What is impact bond investing?

  • Impact bond is a type of impact investing
  • Impact Bonds proceeds must be allocated to social and environmental projects that bring about measurable positive impact
  • Global impact investing was estimated at USD 1.164 trillion in 2022

Impact Investing is a type of ESG investing but not all ESG investing can be classified as Impact Investing.

Impact Investing can be made through equities or bonds investment. When it comes to debt securities, only investments in Impact Bonds can be classified as impact investing. What separates Impact Bonds and general debt securities apart is that proceeds from Impact Bonds can only be allocated to well-defined projects that bring about measurable, positive impact to the environment and society.

Whilst different jurisdictions and organisations have their own definitions of Impact Bonds, their broader approach is largely aligned. At BEA Union Investment, we draw reference to the International Capital Market Association, which stipulated that to be classified as an Impact Bond, it must adhere to its Green Bond, Social Bond or Sustainability Bond principles.

First, funds raised must be spent on projects conducive to the environment, sustainability or society where positive outcomes can be measured. Case in point, proceeds of an green bond will be spent on installing X number of solar panels to reduce carbon footprint by X amount; second, an issuer must spell out the methodology and evaluation process it adopted to identify qualifying projects; third, proceeds must only be deployed to the selected projects and not to other general expenses or investments; lastly, regular reporting is mandatory to update investors the status of the use of proceeds, projects and results. To be recognised as an Impact Bond, it must fulfil the aforementioned criteria with supporting evidence provided by the issuer and not a simple self-declaration.

Governments worldwide are scurrying to meet various climate and social challenges. To keep a lid on rising temperature, more than 70 countries have joined forces pledging to reduce emissions by 45% in 2030 and to reach net zero by 2050. Energy transitioning holds the key to that goal, and authorities have been increasing public awareness about the need to change the way we live, move and consume. The investment community also caught on. Market data showed the size of global impact investing, including equities and bonds, was estimated at USD 1.164 trillion in 2022. The sheer size underscored the demand from environmentally-conscious investors, who went the extra mile to ensure their investments were directly translating into measurable and positive outcomes contributions, as not all ESG investments could yield positive environmental or social consequences.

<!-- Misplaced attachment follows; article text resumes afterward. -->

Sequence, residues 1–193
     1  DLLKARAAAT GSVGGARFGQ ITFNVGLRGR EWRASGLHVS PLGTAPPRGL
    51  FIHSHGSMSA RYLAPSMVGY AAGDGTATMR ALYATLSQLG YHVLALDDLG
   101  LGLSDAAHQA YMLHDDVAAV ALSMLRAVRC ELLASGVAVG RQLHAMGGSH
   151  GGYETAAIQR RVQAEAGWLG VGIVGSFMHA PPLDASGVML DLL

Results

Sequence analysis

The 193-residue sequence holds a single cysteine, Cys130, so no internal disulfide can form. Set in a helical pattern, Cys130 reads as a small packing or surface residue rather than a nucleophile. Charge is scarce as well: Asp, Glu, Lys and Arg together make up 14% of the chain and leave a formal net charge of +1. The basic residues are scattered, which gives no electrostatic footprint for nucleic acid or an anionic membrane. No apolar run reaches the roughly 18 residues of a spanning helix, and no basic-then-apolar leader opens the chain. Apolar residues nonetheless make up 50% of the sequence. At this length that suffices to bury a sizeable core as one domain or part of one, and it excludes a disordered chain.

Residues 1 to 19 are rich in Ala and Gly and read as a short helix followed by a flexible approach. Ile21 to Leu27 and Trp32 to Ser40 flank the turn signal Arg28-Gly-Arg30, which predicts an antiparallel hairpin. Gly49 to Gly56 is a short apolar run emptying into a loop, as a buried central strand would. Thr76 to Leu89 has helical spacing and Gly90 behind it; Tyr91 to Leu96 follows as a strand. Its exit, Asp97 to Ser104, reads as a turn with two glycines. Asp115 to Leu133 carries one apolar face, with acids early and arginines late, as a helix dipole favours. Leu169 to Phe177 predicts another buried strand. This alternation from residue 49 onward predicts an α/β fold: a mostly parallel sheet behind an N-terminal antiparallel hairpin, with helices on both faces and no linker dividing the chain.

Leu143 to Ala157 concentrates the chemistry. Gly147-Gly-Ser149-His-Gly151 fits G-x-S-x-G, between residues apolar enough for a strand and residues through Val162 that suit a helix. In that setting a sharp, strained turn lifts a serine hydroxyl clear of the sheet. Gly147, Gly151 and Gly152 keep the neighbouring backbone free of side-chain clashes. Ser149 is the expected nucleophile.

In what ways does Impact Investing benefit the environment and the society?

Impact investing is a type of ESG investing, which carries no universal definition and spans an array of approaches. A common application is the integration of ESG factors into the investment process. For example, a company is operating within a set of environmental limits, or from a social standpoint, the firm is not exploiting its employees during its operations, the corporate could then be considered as part of the investible universe as long as it scores a minimum internal ESG rating. Other type of ESG investments include "exclusion screening" and "best-in-class". The former excludes controversial sectors, such as weapons or tobacco, from the investment universe, while best-in-class selects companies that attain the highest internal ESG ratings within the sector, even if its business nature, such as oil and gas or coal production, may create negative environmental impact.

All in all, Impact Investing is more proactive as funds must be deployed towards projects that bring significant benefits to the society or to the environment. While other general ESG investments could be more passive, as some approaches rely on past ESG assessments to ascertain eligibility for inclusion.

Social or environmental challenges are evolving and accelerating. To tackle them require resolute and rigorous efforts across governments, corporate, investors and consumers. How to fully drive positive impacts through investment remains a relatively novel territory to be developed.